The Hawthorne Effect is a cognitive bias that refers to the idea that people change their behaviour when they are observed. The Zusha campaign in Kenya illustrates how this bias can be leveraged to achieve the desired behavioural change, and in this case, save lives.
Every year on Kenya’s roads about 13,00 people die. A large portion of that is caused by the matatus, privately owned minibuses used for transport both within and between cities. Drivers in the past have been reckless—speeding, drunk driving, or overlapping. A new campaign seeks to change this behaviour with a simple sticker.
These stickers are placed inside matatus, where they are visible to all passengers. They provide a gentle ‘nudge’ to passengers encouraging them to speak out against reckless driving. The messages vary from ‘You have the power to slow down a reckless driver’ to ‘Don’t let a reckless driver get away with murder.’ Essentially, the stickers are there to remind passengers that it is their responsibility to hold matatu drivers accountable and to remind drivers that they are being watched.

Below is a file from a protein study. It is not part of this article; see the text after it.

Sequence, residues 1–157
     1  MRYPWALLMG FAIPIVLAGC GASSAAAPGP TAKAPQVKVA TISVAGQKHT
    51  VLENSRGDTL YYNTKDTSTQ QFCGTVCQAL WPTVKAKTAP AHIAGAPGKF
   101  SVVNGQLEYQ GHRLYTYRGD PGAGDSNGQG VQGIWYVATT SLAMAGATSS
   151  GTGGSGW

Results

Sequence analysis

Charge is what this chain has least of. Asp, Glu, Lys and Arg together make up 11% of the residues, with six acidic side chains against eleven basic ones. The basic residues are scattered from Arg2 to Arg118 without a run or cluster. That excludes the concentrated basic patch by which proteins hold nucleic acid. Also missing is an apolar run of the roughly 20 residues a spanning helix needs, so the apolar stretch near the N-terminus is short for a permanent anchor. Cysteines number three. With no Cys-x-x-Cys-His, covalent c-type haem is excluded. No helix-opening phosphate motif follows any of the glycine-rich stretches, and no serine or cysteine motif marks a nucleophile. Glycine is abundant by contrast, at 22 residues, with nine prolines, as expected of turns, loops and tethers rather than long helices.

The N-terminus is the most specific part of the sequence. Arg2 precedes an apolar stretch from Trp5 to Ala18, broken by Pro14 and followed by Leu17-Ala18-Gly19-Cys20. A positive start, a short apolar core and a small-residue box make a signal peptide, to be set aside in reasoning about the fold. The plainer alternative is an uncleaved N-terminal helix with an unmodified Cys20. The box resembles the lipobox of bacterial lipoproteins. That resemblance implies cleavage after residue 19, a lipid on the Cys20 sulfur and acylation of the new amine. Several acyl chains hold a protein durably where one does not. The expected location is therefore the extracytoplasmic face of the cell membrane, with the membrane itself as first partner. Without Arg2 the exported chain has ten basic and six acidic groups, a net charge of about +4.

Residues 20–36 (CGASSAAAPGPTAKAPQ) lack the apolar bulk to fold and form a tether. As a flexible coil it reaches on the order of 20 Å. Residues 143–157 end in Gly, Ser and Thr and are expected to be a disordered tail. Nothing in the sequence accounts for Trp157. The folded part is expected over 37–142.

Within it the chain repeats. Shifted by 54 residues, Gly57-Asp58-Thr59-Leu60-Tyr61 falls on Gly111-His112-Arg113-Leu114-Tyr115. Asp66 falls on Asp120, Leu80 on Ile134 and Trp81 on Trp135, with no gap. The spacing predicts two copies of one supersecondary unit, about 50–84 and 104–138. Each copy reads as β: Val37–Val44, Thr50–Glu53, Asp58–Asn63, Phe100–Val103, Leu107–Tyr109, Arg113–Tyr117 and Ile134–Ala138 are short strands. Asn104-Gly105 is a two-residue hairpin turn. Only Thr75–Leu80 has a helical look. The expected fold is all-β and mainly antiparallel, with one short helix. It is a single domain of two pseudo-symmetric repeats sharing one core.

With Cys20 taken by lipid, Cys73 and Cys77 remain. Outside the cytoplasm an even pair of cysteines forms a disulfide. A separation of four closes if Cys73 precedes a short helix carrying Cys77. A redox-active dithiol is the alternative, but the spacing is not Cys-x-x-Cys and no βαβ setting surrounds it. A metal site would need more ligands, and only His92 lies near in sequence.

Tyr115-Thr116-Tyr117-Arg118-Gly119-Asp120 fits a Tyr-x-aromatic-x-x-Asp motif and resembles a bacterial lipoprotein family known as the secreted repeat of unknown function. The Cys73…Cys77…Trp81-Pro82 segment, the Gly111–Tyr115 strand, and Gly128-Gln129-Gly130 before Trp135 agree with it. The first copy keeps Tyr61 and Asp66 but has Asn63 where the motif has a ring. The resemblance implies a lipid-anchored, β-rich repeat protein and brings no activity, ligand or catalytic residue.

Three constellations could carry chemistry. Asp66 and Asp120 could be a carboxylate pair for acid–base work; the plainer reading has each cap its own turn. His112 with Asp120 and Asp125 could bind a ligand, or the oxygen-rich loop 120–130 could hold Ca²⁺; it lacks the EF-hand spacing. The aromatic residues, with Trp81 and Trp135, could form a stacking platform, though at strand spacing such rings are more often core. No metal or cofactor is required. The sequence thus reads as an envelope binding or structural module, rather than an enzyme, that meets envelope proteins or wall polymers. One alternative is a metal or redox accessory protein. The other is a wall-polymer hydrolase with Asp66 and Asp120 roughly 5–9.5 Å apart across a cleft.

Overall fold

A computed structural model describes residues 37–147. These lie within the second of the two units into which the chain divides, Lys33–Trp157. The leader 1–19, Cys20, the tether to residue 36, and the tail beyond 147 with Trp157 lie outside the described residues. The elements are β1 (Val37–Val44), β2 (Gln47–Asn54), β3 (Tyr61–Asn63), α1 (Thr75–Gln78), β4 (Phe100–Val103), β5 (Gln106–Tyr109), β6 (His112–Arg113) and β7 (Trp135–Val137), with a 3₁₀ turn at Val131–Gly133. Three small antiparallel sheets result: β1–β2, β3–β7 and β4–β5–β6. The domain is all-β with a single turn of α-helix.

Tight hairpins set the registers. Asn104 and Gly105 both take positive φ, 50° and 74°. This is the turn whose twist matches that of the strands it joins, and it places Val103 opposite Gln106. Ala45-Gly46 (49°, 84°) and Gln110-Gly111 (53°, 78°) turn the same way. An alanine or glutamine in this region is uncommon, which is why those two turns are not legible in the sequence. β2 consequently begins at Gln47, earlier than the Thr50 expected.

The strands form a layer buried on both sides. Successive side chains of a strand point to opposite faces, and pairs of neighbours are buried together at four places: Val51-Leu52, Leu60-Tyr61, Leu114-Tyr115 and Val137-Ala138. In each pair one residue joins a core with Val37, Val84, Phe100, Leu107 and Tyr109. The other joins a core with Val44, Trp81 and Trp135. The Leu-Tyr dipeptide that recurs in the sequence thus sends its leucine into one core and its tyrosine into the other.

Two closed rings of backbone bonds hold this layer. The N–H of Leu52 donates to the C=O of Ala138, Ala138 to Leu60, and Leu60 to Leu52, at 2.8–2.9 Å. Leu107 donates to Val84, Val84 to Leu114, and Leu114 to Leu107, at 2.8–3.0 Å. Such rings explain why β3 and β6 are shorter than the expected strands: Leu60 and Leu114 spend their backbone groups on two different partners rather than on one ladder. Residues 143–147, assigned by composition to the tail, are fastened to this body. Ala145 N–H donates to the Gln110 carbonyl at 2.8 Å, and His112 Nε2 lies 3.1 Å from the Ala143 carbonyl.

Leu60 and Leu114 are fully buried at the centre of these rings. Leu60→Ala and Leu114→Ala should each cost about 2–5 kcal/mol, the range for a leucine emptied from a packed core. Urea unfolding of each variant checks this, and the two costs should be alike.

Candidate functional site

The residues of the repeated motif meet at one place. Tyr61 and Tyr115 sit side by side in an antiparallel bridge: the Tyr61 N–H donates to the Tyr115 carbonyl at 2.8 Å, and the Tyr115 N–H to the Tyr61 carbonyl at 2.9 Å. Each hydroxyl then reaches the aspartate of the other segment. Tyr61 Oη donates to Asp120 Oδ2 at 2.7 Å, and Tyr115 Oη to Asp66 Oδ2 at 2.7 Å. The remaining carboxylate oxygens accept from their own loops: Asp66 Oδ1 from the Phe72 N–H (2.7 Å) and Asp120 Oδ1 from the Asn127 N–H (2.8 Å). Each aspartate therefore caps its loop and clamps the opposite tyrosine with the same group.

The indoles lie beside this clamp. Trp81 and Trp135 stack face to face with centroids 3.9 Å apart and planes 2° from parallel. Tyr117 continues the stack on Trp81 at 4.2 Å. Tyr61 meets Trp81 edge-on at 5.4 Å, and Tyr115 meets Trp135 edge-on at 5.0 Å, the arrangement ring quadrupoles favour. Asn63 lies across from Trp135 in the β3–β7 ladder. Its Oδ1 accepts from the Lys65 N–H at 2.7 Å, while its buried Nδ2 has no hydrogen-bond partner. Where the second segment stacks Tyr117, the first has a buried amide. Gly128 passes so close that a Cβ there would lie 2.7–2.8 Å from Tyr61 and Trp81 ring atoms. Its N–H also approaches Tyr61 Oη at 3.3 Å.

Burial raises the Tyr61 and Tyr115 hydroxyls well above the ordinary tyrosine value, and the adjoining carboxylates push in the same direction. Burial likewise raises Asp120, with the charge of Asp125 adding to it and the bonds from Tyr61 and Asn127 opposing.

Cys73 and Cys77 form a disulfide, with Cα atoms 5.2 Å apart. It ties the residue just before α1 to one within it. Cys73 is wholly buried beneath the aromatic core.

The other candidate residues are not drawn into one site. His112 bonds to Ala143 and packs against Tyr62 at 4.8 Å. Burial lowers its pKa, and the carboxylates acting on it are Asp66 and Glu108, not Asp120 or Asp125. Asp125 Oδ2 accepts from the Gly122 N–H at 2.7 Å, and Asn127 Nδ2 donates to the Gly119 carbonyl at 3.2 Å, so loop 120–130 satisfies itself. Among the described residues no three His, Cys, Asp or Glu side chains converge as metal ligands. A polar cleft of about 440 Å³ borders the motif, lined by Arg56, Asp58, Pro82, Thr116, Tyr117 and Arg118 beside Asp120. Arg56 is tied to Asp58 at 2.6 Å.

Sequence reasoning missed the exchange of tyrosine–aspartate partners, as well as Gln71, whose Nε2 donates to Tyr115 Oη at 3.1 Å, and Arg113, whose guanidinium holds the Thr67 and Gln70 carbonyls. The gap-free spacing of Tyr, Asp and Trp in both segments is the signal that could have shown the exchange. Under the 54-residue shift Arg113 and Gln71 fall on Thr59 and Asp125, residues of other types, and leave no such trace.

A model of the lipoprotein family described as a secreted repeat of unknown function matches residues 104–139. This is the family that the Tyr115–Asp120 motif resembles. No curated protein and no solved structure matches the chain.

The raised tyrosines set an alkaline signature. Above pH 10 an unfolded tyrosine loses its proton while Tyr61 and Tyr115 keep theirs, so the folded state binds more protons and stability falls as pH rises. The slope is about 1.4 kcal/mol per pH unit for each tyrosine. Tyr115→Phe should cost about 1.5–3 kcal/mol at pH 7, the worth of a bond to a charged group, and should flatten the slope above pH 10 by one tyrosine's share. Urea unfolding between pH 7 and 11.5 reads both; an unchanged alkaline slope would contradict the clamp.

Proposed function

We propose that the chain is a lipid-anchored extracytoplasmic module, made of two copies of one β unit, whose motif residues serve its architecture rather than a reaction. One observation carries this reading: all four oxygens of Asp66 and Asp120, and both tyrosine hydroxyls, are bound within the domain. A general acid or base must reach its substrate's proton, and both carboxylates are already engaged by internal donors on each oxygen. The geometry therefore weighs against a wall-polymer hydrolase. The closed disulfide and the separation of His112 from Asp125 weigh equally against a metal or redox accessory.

The impact of the Hawthorne Effect has resulted in dramatic decrease in the number of traffic accidents in Kenya, and it has been so successful that it is being implemented in other African nations. How can you make doctors feel as if other clinicians and patients are observing their actions? How would this impact their prescribing behaviour?
Watch the video from the BBC to learn more.